Regional differences in the way Spanish is spoken can usually be attributed to either the influence of native languages that exist in a particular area or the languages brought by immigrants that blend with Spanish to create a unique regional dialect. The Spanish spoken in Buenos Aires, as we have discussed in our series on Lunfardo words, is no exception.
Another example of a language influence is Cocoliche, which takes its name from Antonio Cuculicchio, a theater worker in the Podestá theater company established in Argentina and Uruguay towards the end of the nineteenth century. An Italian immigrant, Cuculicchio’s accent was apparently often mocked by others, giving rise to the comical caricature of a figure called “Cocolicchio”, representing a southern Italian.
Cocoliche is a hybrid language that arose from the meeting of Spanish in Argentina and Italian brought to that country by immigrants around the turn of the twentieth century. The result was a pidgin — an oral form of communication that blended elements of two languages to foster communication between diverse groups of people, in some cases simplifying the grammar and lexicon of each language.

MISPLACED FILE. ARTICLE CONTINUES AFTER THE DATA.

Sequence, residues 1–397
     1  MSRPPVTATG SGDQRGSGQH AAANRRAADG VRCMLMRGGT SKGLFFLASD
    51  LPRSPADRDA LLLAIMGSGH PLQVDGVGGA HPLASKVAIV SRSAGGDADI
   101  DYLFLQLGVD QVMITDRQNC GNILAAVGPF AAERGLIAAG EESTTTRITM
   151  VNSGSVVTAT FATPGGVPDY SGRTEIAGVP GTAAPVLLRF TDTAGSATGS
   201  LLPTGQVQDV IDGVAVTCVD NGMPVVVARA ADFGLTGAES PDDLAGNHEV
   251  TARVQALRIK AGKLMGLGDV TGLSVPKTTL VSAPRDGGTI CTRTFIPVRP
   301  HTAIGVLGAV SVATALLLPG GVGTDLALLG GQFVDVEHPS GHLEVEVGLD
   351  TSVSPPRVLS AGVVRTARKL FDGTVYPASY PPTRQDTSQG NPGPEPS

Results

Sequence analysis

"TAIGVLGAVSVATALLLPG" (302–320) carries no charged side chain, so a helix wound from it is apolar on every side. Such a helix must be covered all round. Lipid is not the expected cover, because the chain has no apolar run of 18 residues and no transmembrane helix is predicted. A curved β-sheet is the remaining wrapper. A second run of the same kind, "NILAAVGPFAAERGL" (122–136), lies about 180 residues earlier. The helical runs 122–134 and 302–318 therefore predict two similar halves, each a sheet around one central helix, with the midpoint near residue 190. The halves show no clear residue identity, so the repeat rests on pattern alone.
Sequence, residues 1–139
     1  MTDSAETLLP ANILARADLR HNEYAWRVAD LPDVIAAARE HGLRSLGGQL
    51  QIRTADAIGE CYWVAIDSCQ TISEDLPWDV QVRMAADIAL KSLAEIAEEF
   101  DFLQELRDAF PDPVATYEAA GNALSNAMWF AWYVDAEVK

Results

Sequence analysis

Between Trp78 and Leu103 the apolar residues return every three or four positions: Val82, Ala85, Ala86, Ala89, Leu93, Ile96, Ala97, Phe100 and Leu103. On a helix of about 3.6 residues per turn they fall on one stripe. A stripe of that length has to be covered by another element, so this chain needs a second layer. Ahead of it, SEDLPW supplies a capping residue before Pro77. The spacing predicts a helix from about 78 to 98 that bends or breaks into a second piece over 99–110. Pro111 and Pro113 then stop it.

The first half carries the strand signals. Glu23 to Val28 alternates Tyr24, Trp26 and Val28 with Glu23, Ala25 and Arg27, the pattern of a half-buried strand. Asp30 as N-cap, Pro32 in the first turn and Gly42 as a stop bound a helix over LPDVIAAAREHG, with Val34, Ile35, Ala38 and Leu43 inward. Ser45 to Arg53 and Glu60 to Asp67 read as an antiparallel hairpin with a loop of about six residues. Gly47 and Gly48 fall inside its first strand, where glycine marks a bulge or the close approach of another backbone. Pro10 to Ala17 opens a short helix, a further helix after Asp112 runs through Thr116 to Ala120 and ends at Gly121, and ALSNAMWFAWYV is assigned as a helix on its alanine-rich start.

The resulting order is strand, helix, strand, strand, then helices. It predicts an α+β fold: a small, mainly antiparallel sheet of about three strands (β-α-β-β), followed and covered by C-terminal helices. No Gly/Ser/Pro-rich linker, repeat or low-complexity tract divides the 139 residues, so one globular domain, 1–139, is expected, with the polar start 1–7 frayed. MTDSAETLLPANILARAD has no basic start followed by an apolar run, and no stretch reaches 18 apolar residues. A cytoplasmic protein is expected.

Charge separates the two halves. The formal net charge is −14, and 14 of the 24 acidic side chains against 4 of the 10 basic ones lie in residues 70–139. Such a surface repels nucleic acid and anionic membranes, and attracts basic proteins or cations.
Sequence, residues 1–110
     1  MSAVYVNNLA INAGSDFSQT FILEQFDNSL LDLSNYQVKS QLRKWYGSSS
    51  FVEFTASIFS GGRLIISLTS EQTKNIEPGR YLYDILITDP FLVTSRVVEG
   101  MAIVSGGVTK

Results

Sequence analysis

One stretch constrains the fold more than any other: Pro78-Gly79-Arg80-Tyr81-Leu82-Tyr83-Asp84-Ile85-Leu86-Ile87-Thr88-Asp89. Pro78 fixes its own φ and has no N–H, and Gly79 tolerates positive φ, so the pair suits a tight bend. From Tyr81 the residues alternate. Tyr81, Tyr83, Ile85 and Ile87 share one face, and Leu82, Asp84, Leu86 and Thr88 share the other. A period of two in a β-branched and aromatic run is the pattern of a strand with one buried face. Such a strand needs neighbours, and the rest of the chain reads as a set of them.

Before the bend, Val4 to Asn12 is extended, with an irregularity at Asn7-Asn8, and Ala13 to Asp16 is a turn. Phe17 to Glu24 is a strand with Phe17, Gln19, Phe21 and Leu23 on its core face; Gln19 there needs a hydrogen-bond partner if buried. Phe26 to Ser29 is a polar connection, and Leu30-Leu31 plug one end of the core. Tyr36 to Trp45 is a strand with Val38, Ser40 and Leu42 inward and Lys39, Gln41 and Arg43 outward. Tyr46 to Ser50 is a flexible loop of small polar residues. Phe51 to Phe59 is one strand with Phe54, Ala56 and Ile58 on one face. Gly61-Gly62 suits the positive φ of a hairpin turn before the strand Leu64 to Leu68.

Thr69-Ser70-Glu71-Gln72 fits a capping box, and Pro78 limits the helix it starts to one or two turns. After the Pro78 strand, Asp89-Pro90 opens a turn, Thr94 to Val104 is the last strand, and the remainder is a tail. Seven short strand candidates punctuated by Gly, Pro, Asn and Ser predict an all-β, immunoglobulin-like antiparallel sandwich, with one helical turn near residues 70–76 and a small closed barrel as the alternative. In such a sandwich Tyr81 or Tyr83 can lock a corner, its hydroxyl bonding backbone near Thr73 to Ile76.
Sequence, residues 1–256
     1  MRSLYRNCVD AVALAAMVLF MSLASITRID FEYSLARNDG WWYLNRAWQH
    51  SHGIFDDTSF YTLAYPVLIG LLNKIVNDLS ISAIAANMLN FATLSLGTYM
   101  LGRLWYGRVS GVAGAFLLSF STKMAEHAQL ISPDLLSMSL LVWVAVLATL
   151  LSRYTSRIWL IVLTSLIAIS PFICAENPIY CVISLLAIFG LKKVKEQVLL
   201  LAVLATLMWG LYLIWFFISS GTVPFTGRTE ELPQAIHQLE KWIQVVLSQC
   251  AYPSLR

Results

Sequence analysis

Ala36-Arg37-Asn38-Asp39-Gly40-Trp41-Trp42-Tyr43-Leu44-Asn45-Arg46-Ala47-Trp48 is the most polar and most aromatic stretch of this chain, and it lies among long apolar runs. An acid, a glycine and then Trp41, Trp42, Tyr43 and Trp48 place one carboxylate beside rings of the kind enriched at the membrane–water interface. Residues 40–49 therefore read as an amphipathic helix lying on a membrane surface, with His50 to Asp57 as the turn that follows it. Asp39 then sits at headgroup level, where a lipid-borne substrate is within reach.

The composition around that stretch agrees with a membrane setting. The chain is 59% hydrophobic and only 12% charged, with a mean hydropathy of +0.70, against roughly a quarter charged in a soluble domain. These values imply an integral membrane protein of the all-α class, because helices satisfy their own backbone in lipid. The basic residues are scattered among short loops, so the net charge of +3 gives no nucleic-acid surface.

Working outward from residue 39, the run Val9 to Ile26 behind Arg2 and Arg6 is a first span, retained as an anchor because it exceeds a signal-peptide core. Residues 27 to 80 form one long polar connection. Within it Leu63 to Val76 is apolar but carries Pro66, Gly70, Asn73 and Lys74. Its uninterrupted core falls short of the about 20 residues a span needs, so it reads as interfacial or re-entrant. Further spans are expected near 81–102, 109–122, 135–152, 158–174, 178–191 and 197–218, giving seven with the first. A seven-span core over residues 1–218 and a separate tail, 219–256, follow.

Over time, as the Italian immigrants in Argentina spread out geographically and blended more into their new culture, Cocoliche began to disappear. Yet as it became more and more rare to hear the language spoken, per se, its remnants were left — and still remain — in the form of surviving words and turns of accent. Indeed, Cocoliche is the origin of some characteristics commonly associated with the Argentinian accent of Italian immigrants, such as the “ch” sound in “diche” (dice).
Some cocoliche words:
- laburar:to work
- gamba: leg, click here to learn more.
- gambetear: to avoid, click here to learn more.
- minga: nothing
- yeta: bad luck, click here to learn more.
- yiro: prostitute, click here to learn more.
- yirar: to go for a walk, click here to learn more.
- salute: cheers
- manyar: to eat
- birra: beer
- fiaca: laziness, click here to learn more.